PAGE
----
Sep 27

Powershell Remote Use of Module Commandlets (Remoting Import-Module)

Practically all of my Powershell scripts use an Active Directory commandlet. Ok, so they use several.  I like to query AD to get environmental information so when I run the script, I know what I am working with from an AD perspective. I can’t help it, I’m an AD Guy.

In order to run the AD commandlets, a Domain Controller in the domain has to be running ADWS (Active Directory Web Services aka Active Directory Management Gateway Service). Windows 2008 (and Windows 2008 R2) Domain Controllers run this by default and it is available for Windows 2003 DCs.

Sometimes, the server I need to run a script on doesn’t have the AD commandlets installed.
The quick solution to this is to run the following:

powershell set-executionpolicy unrestricted
powershell import-module servermanager  ;  add-windowsfeature rsat-ad-powershell

Assuming this isn’t possible, there is a way to import-modules available on another server.  I often use this with Exchange commandlets since I rarely have them installed on servers I use for running scripts.

Here’s how this works…

# Create a Powershell remote session to a server with the #commandlets installed.
$Session = New-PSsession -Computername Server1
# Use the newly created remote Powershell session to send a #command to that session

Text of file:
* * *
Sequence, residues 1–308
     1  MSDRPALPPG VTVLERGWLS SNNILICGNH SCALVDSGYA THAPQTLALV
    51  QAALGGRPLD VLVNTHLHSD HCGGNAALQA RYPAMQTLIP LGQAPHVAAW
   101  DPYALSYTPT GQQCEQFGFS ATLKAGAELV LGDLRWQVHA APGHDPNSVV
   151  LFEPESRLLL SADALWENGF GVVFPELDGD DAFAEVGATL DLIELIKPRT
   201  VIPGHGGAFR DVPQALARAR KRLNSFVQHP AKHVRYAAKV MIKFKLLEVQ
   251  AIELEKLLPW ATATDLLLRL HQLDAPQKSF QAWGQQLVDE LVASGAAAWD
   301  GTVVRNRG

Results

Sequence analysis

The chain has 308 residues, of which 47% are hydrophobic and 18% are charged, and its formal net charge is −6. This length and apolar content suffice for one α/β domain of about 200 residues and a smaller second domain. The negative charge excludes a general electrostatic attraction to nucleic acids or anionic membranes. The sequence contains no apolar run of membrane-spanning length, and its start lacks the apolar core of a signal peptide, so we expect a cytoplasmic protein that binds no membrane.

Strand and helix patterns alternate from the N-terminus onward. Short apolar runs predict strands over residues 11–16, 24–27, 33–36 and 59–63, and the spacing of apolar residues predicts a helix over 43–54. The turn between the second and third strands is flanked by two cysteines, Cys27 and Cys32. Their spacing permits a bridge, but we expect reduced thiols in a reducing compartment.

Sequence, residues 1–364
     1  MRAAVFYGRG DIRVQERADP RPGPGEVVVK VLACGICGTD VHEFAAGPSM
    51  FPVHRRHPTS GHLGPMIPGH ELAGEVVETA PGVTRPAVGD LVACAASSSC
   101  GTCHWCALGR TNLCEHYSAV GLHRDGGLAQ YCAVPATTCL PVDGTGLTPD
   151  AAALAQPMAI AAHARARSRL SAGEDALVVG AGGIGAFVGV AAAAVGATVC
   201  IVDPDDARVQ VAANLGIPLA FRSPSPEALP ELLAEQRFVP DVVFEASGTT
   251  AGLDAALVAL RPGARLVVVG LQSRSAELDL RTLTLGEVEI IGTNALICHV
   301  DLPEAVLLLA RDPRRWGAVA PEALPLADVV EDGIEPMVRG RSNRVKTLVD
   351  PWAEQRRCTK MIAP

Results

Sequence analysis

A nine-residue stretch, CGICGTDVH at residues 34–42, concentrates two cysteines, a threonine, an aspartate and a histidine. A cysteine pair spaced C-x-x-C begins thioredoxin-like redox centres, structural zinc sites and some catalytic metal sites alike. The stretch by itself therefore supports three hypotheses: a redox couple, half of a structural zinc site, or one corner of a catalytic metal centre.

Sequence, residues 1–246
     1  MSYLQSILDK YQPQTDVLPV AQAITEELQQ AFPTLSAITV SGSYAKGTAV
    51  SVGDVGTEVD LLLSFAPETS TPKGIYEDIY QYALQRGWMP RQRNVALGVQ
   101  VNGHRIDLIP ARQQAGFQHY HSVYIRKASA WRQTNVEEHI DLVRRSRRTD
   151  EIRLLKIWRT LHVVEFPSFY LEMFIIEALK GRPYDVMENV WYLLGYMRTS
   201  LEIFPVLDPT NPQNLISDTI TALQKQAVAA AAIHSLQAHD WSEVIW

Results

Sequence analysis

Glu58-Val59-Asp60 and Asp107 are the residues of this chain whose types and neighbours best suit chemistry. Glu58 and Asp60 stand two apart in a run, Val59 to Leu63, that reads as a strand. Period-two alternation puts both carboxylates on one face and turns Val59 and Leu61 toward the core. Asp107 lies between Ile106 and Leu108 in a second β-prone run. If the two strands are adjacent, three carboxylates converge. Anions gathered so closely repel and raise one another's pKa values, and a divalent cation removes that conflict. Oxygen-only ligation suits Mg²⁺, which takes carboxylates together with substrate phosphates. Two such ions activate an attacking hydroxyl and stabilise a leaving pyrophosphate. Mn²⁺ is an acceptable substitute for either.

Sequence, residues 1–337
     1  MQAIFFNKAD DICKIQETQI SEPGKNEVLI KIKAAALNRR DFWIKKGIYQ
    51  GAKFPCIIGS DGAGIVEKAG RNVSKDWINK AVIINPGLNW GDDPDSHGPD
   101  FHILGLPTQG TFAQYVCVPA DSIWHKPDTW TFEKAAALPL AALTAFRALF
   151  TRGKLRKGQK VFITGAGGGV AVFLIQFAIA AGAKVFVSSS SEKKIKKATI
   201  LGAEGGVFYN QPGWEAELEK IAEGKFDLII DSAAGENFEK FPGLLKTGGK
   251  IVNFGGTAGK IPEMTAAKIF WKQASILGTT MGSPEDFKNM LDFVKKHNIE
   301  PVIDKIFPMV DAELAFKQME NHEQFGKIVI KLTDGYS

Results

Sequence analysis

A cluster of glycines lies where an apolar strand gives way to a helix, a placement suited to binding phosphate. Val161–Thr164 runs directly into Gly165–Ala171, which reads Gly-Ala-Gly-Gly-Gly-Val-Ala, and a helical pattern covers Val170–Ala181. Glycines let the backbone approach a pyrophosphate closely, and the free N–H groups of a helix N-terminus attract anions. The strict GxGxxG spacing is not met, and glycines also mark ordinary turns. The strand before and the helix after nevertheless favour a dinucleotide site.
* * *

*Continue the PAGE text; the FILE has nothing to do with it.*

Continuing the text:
Invoke-Command -Command {Import-Module ActiveDirectory} -Session $Session
# Use that session with the modules to add the available # commandlets to your existing Powershell command shell with a #new command name prefix.
Import-PSSession -Session $Session -Module ActiveDirectory -Prefix RM

The code above enables the use of Active Directory commandlets on a server that doesn’t have them installed.

Use AD commandlets in the Powershell command shell with modified names based on the -Prefix set above:

Get-RMAdUser  instead of the standard Get-ADUser
Get-RMAdComputer instead of the standard Get-ADComputer

You can also drop the “-Prefix RM” and it will use the native commandlets using their standard names.

Don Jones calls this Powershell implicit remoting and it is very cool.


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